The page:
Le Meridien Bora Bora review, French Polynesia: Luxury in the loveliest spot on Earth

Our rating

5 out of 5

THE PLACE

Le Meridien Bora Bora, French Polynesia

THE LOCATION

Bora Bora is known as one of the most dazzlingly beautiful islands in the world, a place where once only the rich and famous went to play, but now where the rest of us can afford to go to watch them. The main island rises from the centre of an azure lagoon, surrounded by motus (smaller islets) inside a necklace of coral, white sand beaches and coconut palms. Le Meridien is on a motu of its own, reached by a 20-minute motorboat ride from the airport, wearing a lei of fresh flowers and a very wide grin.

THE SPACE

Le Meridien occupies one of the most prized spots in the lagoon, overlooking the water towards the magnificent Mount Otemanu, Bora Bora island's highest point. The resort has also recently undergone a complete renovation and its overwater bungalows wind out into the water, artfully designed so no one overlooks anyone else. The main buildings sit on timber boardwalks between the picturesque beaches and pools, slung with hammocks and loungers, with restaurant Le Tipanie on the edge of the lagoon with brightly coloured fish begging for scraps off the plate, Te Ava on the sand and La Trattoria nearby.

THE ROOM

The bungalows over the water are surprisingly roomy, private and thoughtfully set out to ensure the bathroom is quite separate from the bedroom, while still keeping the layout open. There's also a large clear-glass panel in the floor through which you can see the life of the lagoon, steps from the verandah to the water and all mod cons including a flat screen TV, phone, Wi-Fi, mini-bar, airconditioning and tea and coffee. Alternatively, there are bungalows on the beach so you can walk straight out onto the sand, while a new addition are two-bedroom villas with private pools and a vast dining/lounge room with plenty of space for four.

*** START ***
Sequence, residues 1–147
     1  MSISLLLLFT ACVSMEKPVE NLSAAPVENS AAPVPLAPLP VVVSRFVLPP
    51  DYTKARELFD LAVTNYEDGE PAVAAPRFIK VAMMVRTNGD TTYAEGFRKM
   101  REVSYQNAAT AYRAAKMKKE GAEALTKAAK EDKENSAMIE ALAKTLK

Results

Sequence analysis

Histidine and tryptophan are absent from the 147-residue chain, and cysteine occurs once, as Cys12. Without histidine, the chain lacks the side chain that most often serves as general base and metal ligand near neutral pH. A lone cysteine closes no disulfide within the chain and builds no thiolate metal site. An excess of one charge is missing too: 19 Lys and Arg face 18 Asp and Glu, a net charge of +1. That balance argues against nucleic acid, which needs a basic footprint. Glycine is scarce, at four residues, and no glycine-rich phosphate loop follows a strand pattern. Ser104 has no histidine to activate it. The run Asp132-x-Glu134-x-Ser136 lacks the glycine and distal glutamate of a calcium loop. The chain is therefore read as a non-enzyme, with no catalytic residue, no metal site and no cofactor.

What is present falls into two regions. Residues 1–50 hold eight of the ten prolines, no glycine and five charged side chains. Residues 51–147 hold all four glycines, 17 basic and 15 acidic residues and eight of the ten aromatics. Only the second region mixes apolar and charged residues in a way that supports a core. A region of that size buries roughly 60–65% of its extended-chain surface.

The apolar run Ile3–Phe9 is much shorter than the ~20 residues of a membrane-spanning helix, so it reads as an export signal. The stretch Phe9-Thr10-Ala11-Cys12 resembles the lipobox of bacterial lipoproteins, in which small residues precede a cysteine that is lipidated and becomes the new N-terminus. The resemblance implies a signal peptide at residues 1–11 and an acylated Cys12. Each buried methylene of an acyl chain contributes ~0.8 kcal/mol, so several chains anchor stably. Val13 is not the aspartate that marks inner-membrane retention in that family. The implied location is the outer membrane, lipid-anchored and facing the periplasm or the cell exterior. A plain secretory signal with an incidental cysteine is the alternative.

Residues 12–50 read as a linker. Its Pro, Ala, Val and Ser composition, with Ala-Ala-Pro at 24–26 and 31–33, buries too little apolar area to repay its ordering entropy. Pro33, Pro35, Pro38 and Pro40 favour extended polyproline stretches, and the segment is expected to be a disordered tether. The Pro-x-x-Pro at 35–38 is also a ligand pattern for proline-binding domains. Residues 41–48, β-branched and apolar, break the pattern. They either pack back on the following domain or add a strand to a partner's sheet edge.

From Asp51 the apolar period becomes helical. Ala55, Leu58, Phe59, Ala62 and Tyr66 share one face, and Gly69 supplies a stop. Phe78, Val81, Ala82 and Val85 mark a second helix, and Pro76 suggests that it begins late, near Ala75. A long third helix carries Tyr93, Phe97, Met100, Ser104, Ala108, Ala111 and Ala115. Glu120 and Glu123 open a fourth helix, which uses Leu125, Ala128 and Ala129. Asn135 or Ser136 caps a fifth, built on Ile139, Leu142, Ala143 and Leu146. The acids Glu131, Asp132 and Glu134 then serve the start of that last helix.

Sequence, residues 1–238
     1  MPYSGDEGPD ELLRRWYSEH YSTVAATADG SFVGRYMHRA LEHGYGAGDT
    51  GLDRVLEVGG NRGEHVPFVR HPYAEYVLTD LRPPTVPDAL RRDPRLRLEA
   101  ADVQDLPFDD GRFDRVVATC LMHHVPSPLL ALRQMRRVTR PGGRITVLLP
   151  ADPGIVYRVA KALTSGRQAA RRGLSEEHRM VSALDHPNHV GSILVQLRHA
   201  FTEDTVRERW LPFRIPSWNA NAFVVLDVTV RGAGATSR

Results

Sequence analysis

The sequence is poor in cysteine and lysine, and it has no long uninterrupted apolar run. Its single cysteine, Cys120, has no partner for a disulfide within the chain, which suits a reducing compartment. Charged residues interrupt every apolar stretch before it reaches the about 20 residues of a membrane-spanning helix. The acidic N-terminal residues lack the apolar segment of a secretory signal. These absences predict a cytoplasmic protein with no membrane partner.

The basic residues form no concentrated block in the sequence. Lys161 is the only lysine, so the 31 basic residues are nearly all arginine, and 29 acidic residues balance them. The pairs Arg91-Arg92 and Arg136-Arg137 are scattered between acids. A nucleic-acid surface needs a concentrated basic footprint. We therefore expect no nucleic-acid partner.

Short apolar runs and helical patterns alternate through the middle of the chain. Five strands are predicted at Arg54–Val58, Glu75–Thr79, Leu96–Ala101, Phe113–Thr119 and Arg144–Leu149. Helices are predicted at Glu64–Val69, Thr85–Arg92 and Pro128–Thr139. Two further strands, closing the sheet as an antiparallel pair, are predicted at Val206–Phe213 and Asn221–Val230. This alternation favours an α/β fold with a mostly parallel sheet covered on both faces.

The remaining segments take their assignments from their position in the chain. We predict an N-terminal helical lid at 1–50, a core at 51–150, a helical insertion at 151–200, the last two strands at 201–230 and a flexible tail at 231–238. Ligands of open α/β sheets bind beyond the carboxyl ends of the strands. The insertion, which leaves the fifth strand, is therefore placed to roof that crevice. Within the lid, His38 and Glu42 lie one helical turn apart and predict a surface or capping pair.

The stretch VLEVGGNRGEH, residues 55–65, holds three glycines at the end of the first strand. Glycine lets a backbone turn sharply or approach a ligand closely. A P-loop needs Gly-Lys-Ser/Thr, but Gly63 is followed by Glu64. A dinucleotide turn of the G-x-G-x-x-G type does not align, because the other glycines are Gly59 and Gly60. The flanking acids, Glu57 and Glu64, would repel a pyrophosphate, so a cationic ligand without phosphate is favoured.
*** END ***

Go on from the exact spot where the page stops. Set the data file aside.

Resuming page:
THE FOOD

The buffet breakfast catered for absolutely everyone, with eggs any way, an omelette stand, hot and cold meats, fresh fruits, cheeses, cereals, yoghurts and Japanese fare. The Polynesian buffet on Thursday was also a standout, with a vast selection of local dishes, including three different forms of poisson cru, the local delicacy of raw fish soaked in lime and coconut with various additions. The open-air Te Ava, under a thatched roof designed to look like a Tahitian village, served great lunchtime salads, burgers, steaks and lighter snacks, while La Trattoria offered upmarket Mediterranean dishes for those who want to feel they're really in the south of France.

STEPPING OUT

The joy of being in such an idyllic location is that there really isn't any pressure on you to go anywhere else. There's kayaking, windsurfing, scuba diving, jet-skiing and snorkelling in the lagoon – all included in the package – swimming in the pools, and visiting the resort's turtle sanctuary, which rescues and nurtures turtles that have got into trouble in the wild. There's nothing like coaxing a sick turtle to eat to make you feel like Dr Dolittle. Even shopping's catered for. The on-site gift shop has a good selection of local black pearls, jewellery and vividly coloured pareo, or sarongs.

THE VERDICT

It's hard to find fault with a hotel that's been a consistent performer in one of nature's loveliest spots on earth.

ESSENTIALS

Le Meridien Bora Bora, BP 190, Vaitape, Bora Bora. Rates from 76,000 French Polynesia francs ($950) per room a night. Phone 689 40 60 51 51 www.lemeriden.com/borabora

Sue Williams travelled courtesy of Aranui Cruises, Air Tahiti Nui and Tahiti Tourisme

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